The South Australian Maritime Museum preserves the oldest nautical collection in Australia. In 1872 the Port Adelaide Institute began a museum collection to complement its library and its educational and social programs. That collection grew over the following century reflecting the seafarers and the ships that visited Port Adelaide. It is now held in trust at the South Australian Maritime Museum.

The Maritime Museum’s collections ranges from the Port Adelaide Lighthouse that was first lit in 1869 to a plaque that explorer Matthew Flinders left at Memory Cove in 1802 to mark the loss of eight seafarers. It includes figureheads, nautical instruments, bathing costumes, shipwreck artefacts, paintings, models and vessels.

Our scope is the maritime heritage of South Australia from the coast to inland waters. The collection of over almost 20,000 objects and over 20,000 images is at once a window to the heritage of the local community and to the ships of the world.

Memory Cove memorial plaque

Remains of the copper plaque left at Memory Cove, near present day Port Lincoln, in South Australia by Matthew Flinders after the deaths of eight crew members in 1802.

Flinders' crew were travelling from HM Sloop Investigator to shore in the ship's longboat when they were caught in rough waters and lost. Flinders ordered the crew to engrave this plaque to commemorate the loss. He also named the geography of the bay in memory of the lost seafarers. The headland was named Cape Catastrophe, the cove Memory Bay and the eight islands within it were named after the crew.

Caption: Commemorative plaque - Memory Cove

AccessionNo: HT 1987.3057

Width: 320 mm

Height: 360 mm

Material: Copper

Date Created: 1802

Physical Description:
Fragments of an engraved copper plaque which was left by Captain Matthew Flinders at Memory Cove on the southern coast on February 21 1802.

The Memory Cove plaque is South Australia’s first European memorial and perhaps the first physical object left by Europeans on southern soil. In 1800 the southern coast was the ' unknown coast' - the last chunk of the continent to be charted. A race ensued between a French expedition led by Nicolas Baudin and a British expedition led by young navigator Matthew Flinders to reach this coastline first. The two expeditions met at what is now known as Encounter Bay near present day Victor Harbour on 8 April 1802 and shared information. Both expeditions helped join the dots on the coastline, with the French producing the first complete map of Australia published in 1814. The plaque hints at the personal stories behind these epic voyages of exploration. Flinders was known to manage his men well and maintain good relations with them. He was devastated by the deaths, a feeling echoed in his journals. The plaque is a moving example of how nineteenth century Europeans commemorated the dead and the significance of physical memorials.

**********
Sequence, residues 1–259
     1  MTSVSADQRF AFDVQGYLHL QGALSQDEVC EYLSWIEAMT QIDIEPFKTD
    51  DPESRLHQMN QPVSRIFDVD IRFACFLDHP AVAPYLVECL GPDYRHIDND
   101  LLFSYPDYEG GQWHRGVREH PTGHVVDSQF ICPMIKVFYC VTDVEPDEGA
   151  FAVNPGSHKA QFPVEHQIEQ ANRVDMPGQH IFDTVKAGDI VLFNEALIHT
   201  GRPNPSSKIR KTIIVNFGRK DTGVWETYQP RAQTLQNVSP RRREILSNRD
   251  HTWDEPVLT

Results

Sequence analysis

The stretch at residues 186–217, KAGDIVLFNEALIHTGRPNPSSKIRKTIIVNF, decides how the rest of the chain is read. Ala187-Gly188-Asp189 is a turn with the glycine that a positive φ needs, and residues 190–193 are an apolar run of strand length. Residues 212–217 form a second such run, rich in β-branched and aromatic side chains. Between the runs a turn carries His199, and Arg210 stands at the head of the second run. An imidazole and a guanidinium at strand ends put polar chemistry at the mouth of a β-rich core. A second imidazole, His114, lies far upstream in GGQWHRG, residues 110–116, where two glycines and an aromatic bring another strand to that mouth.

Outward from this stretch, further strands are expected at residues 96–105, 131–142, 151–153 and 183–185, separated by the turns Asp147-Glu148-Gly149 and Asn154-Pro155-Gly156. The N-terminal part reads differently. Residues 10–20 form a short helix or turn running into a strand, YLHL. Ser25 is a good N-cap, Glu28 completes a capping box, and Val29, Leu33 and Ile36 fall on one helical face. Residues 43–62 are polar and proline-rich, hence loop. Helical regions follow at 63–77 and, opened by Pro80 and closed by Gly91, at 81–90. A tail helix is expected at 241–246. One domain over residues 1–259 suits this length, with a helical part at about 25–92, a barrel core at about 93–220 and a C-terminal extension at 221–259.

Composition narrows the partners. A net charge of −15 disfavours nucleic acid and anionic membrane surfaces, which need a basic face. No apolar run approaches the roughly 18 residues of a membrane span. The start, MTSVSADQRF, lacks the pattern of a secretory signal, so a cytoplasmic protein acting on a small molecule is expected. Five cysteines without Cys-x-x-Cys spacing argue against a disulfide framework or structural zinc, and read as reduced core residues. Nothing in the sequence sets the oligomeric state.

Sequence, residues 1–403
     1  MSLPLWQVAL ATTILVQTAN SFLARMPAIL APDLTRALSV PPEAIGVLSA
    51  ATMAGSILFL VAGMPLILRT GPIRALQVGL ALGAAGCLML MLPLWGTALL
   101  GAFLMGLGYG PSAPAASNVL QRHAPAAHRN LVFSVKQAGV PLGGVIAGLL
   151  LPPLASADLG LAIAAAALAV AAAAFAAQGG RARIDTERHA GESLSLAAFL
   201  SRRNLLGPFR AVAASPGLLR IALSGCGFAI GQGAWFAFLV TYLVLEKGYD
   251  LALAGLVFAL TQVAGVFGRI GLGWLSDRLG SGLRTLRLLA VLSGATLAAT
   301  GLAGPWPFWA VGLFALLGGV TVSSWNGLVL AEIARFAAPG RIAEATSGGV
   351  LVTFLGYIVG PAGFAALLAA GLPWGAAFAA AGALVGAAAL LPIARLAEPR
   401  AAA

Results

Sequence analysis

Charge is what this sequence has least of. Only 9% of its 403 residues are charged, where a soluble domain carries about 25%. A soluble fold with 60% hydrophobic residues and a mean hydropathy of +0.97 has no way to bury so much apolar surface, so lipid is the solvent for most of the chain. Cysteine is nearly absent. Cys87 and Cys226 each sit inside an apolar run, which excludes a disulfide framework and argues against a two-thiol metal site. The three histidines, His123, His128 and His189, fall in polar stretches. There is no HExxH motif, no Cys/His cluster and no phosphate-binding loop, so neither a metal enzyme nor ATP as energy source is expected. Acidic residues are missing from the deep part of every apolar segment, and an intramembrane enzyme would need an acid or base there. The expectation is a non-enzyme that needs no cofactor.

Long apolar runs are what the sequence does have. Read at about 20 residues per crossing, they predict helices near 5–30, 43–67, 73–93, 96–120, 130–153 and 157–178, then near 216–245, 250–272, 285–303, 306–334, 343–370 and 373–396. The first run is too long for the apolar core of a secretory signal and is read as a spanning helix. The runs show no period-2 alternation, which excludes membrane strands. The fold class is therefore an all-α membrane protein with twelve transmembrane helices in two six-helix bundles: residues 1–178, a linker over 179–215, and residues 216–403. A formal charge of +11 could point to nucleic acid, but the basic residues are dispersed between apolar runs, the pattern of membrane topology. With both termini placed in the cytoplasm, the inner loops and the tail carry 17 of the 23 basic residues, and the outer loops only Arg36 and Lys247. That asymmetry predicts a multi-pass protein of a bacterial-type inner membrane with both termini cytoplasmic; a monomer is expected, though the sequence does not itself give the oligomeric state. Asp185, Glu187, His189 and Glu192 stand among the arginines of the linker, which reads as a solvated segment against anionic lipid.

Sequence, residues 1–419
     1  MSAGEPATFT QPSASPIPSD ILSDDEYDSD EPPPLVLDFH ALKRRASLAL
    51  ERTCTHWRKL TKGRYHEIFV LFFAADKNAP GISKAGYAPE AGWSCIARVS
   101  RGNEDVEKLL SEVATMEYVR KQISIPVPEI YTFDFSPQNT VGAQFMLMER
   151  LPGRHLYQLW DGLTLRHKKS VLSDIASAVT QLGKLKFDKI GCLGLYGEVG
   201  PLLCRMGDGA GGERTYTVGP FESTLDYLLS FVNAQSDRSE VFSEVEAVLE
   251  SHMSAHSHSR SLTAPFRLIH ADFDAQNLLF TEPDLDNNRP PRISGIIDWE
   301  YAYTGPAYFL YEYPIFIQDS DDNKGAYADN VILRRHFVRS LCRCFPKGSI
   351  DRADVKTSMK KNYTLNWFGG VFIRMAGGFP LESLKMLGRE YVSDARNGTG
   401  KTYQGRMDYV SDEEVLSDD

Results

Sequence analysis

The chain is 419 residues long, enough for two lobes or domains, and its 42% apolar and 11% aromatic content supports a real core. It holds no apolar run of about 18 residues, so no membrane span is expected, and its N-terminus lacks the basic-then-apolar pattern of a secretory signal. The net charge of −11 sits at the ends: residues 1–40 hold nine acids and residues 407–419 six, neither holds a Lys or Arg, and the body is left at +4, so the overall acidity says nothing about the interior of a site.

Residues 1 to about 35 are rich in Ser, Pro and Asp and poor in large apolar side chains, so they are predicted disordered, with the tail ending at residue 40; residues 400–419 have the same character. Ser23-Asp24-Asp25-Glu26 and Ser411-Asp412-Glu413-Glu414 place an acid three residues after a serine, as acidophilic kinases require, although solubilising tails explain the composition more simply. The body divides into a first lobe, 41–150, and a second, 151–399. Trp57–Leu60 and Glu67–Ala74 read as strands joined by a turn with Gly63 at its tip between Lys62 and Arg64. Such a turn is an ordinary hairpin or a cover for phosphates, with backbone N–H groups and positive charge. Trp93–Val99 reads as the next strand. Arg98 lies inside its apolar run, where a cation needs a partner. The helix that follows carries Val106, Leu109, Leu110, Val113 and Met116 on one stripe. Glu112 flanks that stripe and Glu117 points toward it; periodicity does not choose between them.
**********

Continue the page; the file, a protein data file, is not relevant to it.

British navigator Matthew Flinders ordered his sailors lo engrave this copper plaque to commemorate the death of eight seafarers lost at sea near Cape Catastrophe on the southern coast. The crew were travelling from HM Sloop ‘Investigator’ to shore in the ship’s longboat when they were caught in rough waters and lost. He ordered that it be nailed to a post at a place nearby he named Memory Cove and named each of the six islands nearest to Cape Catastrophe after one of these seafarers. The plaque carries the words Nautica Cavete - Sailors Beware.The three fragments were all found in 1886 - two near beach at Port Lincoln, and third in a cupboard at Port Lincoln. Flinders had recorded the wording of the inscription in his sea log.The plaque is part of South Australia’s Historical Relics Collection and is one of the Australia’s first memorials. Matthew Flinders circumnavigated Australia from 1801 to 1803 and is responsible for completing an accurate chart of the South Australian coastline; he is hailed as one of the most important figures in South Australian history and in the history of exploration in Australia.